). The god of sleep; the son of Nyx
(q.v.) and twin-brother of Thanatos or Mors (
Il. xiv. 231
; xvi. 672). With his brother, according to Hesiod, he
dwelt in the eternal darkness of the farthest West (Theog.
759). Thence he
swept over land and sea, bringing sleep to men and gods, since he had power over all alike,
and could lull to sleep even Zeus himself. On the chest of Cypselus at Olympia, both brothers
were depicted as boys sleeping in the arms of their mother, Death being painted in black and
Sleep in white (Pausan. v. 18, 1). Sleep was represented in art in various forms and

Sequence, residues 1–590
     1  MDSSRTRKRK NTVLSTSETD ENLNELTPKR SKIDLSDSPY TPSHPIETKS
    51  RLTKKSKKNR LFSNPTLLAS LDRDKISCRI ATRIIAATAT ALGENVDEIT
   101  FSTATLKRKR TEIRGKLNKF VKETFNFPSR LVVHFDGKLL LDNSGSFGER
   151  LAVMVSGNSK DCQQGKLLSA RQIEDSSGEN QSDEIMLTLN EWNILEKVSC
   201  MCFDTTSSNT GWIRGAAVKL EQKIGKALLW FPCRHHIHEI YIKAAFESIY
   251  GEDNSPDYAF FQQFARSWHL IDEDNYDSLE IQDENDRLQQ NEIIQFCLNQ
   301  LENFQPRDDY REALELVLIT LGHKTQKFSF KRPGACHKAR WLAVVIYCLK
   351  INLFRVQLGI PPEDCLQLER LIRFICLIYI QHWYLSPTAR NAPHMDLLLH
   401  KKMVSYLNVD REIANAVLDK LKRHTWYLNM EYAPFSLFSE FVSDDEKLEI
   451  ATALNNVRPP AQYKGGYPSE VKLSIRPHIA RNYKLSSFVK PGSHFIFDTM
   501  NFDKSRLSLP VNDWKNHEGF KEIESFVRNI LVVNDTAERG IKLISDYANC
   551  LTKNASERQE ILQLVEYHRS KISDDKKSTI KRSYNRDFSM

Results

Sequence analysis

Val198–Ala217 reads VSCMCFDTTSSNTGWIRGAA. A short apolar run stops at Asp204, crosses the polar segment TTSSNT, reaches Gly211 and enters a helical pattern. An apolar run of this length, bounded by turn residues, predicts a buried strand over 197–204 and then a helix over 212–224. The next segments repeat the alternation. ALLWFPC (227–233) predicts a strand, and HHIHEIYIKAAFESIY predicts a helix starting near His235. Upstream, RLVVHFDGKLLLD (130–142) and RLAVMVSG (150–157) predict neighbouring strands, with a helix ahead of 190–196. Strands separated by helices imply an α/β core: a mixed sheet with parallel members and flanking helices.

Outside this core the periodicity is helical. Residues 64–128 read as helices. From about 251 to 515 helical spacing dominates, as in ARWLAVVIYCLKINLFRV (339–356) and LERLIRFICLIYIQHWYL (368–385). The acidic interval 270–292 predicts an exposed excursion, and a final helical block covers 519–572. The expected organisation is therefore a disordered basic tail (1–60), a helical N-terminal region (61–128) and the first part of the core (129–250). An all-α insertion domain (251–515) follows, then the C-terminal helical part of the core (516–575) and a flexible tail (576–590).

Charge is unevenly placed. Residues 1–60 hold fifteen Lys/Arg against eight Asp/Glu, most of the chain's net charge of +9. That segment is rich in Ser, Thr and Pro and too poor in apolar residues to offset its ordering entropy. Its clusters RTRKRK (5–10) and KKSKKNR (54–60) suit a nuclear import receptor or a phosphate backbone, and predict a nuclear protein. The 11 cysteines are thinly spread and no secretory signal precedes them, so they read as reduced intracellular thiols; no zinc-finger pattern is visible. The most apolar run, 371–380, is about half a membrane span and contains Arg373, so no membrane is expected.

situations, and frequently with the wings of an eagle or a butterfly on his forehead, and a
poppy-stalk and a horn, from which he dropped slumber upon those whom he lulled to rest. The
earlier conception made Dreams the sisters of Sleep, but in later times the dream-god figures
as his son. Hermes was also a god of sleep.